Whether you’ve recently adopted a new kitten that doesn’t seem to stop growing, or you’re here simply to cure your curiosity, strap in as we walk you through the question: when do cats stop growing?
It’s a well-known fact that cats sleep most of their lives away. In fact, cats average around 17 to 18 hours of sleep each day. When you total that up across their average lifespan, they’re asleep for almost two-thirds of their entire life, which is around twice as much as most other mammals. With all this sleep, you’d be asking yourself when do cats stop growing?
Let’s have a look.
How Fast Do Cats Grow Up: 0 to 6 months
For anyone who’s raised kittens, or adopted one, you’ll have experienced how astonishingly quick they begin to mature into an adult cat.
It all happens so quickly.
One minute you’ll be adoring over your kitten’s soft, fluffy little pink paws, and the next minute you’ll be saying how much she’s grown!
You might even say will my cats stop growing?
Well, it is completely fair to say that a cats most rapid developmental stage is from birth until around 6 months old.
During this 6-month period, the fountains of the cat’s personality will also be set.
This is dependent upon certain factors such as socialization, exposure to people, involvement in active play and diet.
Since this is an intense period of growth, kittens require a large amount of nutritious food.
Without the right amount of nutrients, kittens will not be able to grow to their full potential.
Alternatively, if given too much food, kittens will begin to form bad eating habits and will likely grow to be obese.
It is recommended that you maintain a feeding schedule, offering around 3-4 portions of food per day (ideally wet food made for kittens)
During this 6-month period, your kitten will be very playful.
You’ll want to stimulate their curiosity by playing with them and carefully introducing them to various family members, friends and other cats so that they become use to company as they grow up.
As well as this, you’ll want to begin litter box training – the joy!
Nonetheless, you’ll definitely want to embrace them at this age, it’ll go by so quickly!
How Fast Do Cats Grow Up: 6 to 12 months
The intensity of development lessens from the ages of 6 to 12 months.
At around 8 months olds, the kitten’s bones will stop growing and you’ll be able to gauge their full adult size.
Your kitten will begin their sexual maturation in this time period.
Most domestic cats are neutered (male) or spayed (female) within this time period, usually closer to 6-months.
This is because most people don’t want to become breeder, but also because you’ll want to avoid your male kitten spraying urine everywhere as he becomes more territorial, or your female kitten going into heat (mating time).
It is generally acknowledged that once a cat reaches 12-months of age that they have transitioned into an adult cat.
Here, they’ll have reached physical maturity and will be fully ready to take on the world.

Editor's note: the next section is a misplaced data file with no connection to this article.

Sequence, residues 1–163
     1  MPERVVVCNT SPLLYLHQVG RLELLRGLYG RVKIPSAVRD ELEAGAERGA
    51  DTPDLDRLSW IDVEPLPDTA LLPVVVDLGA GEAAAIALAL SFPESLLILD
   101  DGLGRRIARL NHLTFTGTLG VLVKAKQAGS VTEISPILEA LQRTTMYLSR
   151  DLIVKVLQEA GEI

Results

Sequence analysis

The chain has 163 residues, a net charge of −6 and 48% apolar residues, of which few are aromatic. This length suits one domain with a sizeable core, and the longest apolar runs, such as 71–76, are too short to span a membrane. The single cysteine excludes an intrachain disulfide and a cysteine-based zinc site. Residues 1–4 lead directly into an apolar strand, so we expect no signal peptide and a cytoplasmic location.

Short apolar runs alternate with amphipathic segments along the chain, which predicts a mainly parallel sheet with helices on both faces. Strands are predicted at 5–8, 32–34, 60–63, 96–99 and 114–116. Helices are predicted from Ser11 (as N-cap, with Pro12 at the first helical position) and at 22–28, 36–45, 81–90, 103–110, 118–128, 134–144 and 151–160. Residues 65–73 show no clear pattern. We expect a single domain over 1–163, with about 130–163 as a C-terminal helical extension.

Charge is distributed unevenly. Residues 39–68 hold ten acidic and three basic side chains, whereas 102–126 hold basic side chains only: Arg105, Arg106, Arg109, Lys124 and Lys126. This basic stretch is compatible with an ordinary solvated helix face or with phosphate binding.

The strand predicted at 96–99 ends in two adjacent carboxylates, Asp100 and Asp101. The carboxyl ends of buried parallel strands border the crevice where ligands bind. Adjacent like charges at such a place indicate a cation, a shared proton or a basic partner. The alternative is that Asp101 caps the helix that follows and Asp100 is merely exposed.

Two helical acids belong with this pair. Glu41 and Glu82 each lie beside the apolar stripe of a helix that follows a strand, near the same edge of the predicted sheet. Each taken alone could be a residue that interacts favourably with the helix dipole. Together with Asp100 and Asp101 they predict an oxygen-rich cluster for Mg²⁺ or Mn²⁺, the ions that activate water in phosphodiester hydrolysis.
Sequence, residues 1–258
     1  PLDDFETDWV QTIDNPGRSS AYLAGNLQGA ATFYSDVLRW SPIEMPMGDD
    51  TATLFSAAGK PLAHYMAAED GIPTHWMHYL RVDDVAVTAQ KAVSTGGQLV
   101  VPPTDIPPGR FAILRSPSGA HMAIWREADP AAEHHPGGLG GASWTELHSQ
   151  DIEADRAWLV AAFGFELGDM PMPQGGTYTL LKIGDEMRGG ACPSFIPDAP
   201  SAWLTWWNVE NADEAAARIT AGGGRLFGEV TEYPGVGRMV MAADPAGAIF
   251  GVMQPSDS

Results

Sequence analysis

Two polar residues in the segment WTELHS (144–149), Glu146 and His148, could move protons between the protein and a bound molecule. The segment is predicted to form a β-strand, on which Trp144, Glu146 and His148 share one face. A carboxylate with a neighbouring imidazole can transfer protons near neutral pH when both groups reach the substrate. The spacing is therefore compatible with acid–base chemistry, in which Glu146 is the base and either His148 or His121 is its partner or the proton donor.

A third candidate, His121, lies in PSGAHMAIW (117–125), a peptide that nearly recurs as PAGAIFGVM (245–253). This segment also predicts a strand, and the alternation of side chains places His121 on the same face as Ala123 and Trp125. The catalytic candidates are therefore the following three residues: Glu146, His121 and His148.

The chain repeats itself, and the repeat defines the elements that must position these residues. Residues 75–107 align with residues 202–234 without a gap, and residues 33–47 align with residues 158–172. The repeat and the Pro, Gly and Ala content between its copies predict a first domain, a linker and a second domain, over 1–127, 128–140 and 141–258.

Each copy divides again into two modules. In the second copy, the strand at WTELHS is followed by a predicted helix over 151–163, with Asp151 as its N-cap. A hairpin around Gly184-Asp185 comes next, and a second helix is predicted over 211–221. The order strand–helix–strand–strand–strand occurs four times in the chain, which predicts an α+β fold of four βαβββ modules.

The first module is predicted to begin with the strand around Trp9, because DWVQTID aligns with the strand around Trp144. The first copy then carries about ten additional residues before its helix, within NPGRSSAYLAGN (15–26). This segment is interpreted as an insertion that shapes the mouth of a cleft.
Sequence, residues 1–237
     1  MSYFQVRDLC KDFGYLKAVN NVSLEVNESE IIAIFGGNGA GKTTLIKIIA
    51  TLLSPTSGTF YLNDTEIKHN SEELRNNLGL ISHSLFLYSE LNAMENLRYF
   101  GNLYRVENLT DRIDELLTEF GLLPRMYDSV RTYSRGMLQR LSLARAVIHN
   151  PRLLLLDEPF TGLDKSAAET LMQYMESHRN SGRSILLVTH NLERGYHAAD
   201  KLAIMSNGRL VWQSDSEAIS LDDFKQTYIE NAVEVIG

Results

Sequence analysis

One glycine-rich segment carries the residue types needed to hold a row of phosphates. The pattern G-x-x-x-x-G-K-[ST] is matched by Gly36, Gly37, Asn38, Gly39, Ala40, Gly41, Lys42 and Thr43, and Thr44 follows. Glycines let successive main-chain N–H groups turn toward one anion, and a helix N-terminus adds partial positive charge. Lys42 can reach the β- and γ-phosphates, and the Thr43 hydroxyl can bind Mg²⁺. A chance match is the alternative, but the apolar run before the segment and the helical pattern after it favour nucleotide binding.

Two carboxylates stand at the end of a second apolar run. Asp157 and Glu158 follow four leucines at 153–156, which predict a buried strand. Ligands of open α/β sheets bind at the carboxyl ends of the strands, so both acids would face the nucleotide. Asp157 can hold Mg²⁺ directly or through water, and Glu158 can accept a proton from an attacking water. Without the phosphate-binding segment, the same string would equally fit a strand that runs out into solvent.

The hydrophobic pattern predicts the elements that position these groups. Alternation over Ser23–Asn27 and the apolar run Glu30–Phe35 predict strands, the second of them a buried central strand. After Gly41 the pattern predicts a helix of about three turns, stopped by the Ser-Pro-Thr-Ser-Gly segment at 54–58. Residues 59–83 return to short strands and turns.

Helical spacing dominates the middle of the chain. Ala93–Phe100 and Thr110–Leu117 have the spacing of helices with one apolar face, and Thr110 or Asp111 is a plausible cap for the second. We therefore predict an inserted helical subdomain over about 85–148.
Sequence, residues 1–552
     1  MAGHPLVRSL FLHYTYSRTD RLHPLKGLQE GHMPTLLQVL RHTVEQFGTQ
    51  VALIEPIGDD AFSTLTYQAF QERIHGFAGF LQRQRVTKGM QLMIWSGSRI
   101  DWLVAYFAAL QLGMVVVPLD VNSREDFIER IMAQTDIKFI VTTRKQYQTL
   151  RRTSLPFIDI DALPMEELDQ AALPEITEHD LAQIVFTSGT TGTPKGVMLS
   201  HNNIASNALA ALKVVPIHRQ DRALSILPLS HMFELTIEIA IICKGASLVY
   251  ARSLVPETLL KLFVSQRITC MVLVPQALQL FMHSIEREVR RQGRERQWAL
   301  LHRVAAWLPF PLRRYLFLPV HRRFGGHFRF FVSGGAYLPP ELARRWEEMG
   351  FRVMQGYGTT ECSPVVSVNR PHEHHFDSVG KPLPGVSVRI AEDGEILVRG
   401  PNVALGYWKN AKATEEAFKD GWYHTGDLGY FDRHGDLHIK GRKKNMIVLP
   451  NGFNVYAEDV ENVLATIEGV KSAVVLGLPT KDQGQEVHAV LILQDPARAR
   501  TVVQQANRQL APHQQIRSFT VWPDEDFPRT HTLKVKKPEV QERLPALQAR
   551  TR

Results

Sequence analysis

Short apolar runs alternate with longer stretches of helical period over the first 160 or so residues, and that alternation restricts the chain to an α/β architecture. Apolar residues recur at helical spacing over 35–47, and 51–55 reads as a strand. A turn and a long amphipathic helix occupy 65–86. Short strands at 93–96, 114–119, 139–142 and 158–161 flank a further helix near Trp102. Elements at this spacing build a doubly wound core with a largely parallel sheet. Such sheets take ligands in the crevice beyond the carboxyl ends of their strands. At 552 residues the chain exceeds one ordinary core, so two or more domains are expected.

It’s not that cats stop growing after they past 12-months.
Of course, they’ll become wiser, more intelligent and more adapted to their environment, it’s just that their growth after 12-months is less physical.
Below, we’ll discuss the many factors that should also be considered when it comes to the development of cats.
When Do Cats Stop Growing: Important Factors to Consider
Breed Disposition: Different breeds take different amounts of time to reach physical maturity. For example, Maine Coon cats reach their full developmental potential around age 4. On the other hand, there are dwarf breeds of cats that’ll never reach what seems like physical maturity. Having said that, in general, most cats reach maturity within the first 2 years of their lives.
Environmental Disposition: Development in all animals is a complex process whereby biology interacts with the environment to produce unique developmental pathways (classic nature/nurture debate). While a cat may have the genes to grow to a certain length or weight, unless their environment provides them with the right ingredients for that to happen, e.g., physical enrichment and high-quality nutrients, they will not reach their full potential.
Sex Disposition: Males cats will most often always grow to be larger than female cats of the same breed.
Litter Size: The more kittens a mother gives birth to, the more competition there is over her milk. In larger litter sizes, there will often be a runt of the pack that hasn’t received as much nutrients as their siblings, and will generally be much smaller in size.
Genetic Disposition: Each offspring is born with a unique set of genotypes meaning that their overall development will differ from their siblings of the same litter. As well as this, chances of genetic mutations can occur which can completely disrupt developmental pathways.
Mothers Health Condition: A large, healthy mother will be more fit to nurture and raise her offspring. Conversely, a mother who is in a poor health condition will often have less success raising her offspring, as she is more likely to have passed on illnesses, or simply not be fit enough to raise and provide for her children.
When Do Cats Stop Growing: Summary
Having read all of the above, you should definitely be more clued up on the question of “when do cats stop growing?”
- Most cats stop growing after around 12-months.
- The fastest, and most critical, window of development occurs within the first 6-months of their lives.
- There are many factors that contribute to the development of a cat.